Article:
Is it April 1st already?
WattUp®, a revolutionary wire-free, power-at-a-distance charging technology,
today announced Federal Communications Commission (FCC) certification of its
first-generation WattUp Mid Field transmitter, which sends focused, RF-based
power to devices at a distance. As the first FCC certification for
power-at-a-distance wireless charging under Part 18 of the FCC's rules, this
development represents a new era of wireless charging, and opens up a
tremendous opportunity for the electronics industry.
Energous' WattUp Mid Field transmitter underwent rigorous, multi-month
testing to verify it met consumer safety and regulatory requirements. As the
first Part 18 FCC approved power-at-a-distance wireless charging
transmitter, the certification marks a significant milestone for the
consumer electronics industry and paves the way for future wireless charging
ubiquity for nearly any small electronic device, including smartphones,
tablets, fitness trackers, smart watches, earbuds, wireless keyboards and
mice, smart speakers and more.
The company's WattUp Mid Field transmitter can deliver power via radio
frequency (RF) energy to WattUp-enabled electronic devices at a distance of
up to three feet. As the only technology that can do both contact-based and
non-contact-based wireless charging, as well as charge multiple devices at
once, WattUp is highly scalable and automatically charges devices, as
needed, until they are topped off. While older charging technologies allow
for only contact-based charging, Energous is the only company to achieve
Wireless Charging 2.0 to-date, which is the ability to charge devices both
at contact (including fast charging large battery devices such as
smartphones and tablets), as well as power-at-a-distance. Similar to WiFi,
the WattUp ecosystem ensures interoperability between receivers and
transmitters, regardless of the manufacturer, making the entire ecosystem
flexible and accessible for consumers and manufacturing partners.
"Older wireless charging technologies have received limited adoption over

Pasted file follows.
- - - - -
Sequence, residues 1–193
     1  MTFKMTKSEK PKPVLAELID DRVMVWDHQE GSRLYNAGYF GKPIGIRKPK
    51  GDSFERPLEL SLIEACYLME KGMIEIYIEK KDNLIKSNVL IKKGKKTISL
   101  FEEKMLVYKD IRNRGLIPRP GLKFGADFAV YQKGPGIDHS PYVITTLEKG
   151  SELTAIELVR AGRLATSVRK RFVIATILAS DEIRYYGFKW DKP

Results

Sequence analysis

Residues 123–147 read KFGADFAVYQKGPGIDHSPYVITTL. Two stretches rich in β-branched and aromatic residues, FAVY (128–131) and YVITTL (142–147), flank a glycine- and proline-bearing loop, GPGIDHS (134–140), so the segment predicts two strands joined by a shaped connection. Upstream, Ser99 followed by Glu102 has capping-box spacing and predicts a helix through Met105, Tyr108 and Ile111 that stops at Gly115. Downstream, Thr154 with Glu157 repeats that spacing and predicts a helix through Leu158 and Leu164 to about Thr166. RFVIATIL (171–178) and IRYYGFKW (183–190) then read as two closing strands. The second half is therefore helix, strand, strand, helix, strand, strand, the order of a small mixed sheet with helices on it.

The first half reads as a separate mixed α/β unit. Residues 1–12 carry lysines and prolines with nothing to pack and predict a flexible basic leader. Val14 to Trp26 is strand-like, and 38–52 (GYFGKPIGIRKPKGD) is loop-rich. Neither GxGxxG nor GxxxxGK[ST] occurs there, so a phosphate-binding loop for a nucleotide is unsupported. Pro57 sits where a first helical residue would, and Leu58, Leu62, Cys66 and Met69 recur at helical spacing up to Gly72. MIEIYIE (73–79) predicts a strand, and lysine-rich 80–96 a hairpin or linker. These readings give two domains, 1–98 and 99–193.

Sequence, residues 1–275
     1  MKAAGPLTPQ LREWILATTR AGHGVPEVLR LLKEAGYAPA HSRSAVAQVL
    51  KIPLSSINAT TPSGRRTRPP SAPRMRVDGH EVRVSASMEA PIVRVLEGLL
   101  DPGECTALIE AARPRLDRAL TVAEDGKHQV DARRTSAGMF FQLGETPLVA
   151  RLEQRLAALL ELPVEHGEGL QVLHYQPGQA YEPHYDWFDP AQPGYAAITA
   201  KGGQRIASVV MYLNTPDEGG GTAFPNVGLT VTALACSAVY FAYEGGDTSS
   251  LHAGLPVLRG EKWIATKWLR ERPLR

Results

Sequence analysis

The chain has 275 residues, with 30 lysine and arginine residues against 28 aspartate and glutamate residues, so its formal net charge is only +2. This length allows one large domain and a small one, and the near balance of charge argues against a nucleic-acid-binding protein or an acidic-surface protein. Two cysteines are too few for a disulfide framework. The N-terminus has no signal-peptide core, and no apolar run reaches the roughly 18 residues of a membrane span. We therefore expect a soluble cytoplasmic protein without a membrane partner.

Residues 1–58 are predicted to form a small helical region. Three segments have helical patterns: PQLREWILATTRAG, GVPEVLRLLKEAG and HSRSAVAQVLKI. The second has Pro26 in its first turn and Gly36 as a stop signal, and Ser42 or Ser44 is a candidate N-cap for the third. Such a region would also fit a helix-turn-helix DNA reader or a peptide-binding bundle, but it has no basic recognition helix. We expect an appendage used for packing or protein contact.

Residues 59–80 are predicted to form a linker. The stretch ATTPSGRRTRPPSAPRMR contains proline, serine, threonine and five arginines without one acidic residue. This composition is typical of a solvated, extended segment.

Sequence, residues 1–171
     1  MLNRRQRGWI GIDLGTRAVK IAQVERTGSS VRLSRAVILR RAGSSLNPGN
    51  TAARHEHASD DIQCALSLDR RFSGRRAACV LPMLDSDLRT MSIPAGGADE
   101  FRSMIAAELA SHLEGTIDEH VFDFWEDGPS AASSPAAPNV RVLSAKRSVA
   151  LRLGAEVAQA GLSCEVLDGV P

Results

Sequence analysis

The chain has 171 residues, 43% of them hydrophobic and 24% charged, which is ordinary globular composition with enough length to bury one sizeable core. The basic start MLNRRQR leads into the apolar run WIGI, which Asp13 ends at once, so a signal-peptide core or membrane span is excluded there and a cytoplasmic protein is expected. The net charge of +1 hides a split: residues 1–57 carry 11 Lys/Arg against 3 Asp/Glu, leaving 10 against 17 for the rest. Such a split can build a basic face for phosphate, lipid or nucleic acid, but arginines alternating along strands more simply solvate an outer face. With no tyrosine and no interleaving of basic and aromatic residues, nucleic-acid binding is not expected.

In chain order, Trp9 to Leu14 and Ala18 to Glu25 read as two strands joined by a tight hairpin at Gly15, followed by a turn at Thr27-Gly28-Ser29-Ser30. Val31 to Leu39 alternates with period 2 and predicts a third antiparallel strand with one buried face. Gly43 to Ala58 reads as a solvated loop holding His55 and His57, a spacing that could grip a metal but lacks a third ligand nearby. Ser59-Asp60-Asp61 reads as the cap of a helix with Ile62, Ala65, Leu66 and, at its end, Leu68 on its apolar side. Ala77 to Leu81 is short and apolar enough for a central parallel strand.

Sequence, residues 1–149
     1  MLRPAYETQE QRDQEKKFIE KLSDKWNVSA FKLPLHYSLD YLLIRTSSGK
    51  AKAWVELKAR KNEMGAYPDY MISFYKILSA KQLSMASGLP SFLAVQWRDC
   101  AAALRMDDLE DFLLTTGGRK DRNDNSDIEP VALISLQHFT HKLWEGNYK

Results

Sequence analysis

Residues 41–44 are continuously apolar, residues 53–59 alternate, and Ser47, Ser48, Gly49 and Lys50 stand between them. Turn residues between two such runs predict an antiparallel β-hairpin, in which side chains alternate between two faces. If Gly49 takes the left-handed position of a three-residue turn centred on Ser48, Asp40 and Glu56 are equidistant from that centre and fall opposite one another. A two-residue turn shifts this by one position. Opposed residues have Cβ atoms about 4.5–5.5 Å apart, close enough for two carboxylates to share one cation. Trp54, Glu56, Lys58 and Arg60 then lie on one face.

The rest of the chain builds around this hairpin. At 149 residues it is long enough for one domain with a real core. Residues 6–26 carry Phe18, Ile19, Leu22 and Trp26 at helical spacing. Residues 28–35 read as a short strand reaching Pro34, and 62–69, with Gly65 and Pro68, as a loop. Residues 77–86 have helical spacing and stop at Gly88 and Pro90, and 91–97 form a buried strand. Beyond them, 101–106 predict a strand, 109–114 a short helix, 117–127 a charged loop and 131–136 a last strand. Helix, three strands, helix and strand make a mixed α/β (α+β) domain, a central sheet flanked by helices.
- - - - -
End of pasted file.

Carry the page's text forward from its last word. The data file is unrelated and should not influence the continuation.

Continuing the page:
the past 15 years, and are confined to contact-based charging only. The FCC
certification of Energous' power-at-a-distance wireless charging transmitter
is a major market milestone. It opens up options, outside of just
contact-based charging, to Wireless Charging 2.0: an ecosystem where devices
can be charged both, via pad and at a distance," said Stephen R. Rizzone,
president and CEO of Energous. "Untethered, wire-free charging -- such as
charging a fitness band even while wearing it -- is exactly what consumers
have been waiting for. We are now in a position to move our consumer
electronics, IoT and smart home customers forward at an accelerated pace."
"WattUp from Energous represents an incredibly positive lifestyle change,"
said Martin Cooper, Energous Board of Directors member and 'Father of the
Cell Phone' -- a pioneer and visionary of the wireless industry. "This
ground-breaking technology allows users to automatically charge their
WattUp-enabled devices without having to remove them from their wrist or
pocket, plug them in or place them on a mat to charge, freeing them from
ever having to think about charging their devices again."
WattUp transmitter technology will continue to advance in both power,
distance, efficiency and scale, with applications that could include
integration into the bezel of computer monitors, soundbars, smart speakers,
TVs, smart lighting, and other electronics in the home, office and beyond.
"Providing meaningful power-at-a-distance is a real game changer for
wireless charging," said Mark Tyndall, senior vice president corporate
development and strategy, Dialog Semiconductor. "As the strategic partner
and exclusive world-wide supplier of Energous' WattUp technology, Dialog
provides early adopters with the assurance of chip supply and support that
comes from a top tier semiconductor company that ships millions of chips
each month into some of the world's most demanding customers."
This represents the first time FCC equipment certification has been awarded
to any device that charges wirelessly at a distance, and operates under Part
18 of the FCC's rules. The FCC's Part 18 rules permit higher-power
operations than are permitted under the Part 15 rules that have been used to
approve other at a distance charging devices.
Not a lot of detail and whizzing about various links there seems to be a
very vague Apple patent application in co-operation with a couple of other
companies, one mentioned above regarding this.
I could just about reckon that using resonant circuits and at such a short
range, although not very efficient this may work but longer range I'd
suggest you are in danger of bringing out the radio transmitters near the
body brigade of potential brain tumours or cancer lot. I would also not want
to be near one of these devices myself and if you are going to stay within 3
feet of something long enough to charge up a phone battery what is the
point, you might as well plug the damn thing in and charge it properly,
My feeling is this is going to either be the biggest flop since the last big
flop or its going to be deemed unsafe for the time needed to do anything
good with it. It would be interesting to find out what the FCC safety tests
This newsgroup posting comes to you directly from...
The Sofa of Brian Gaff...
Blind user, so no pictures please!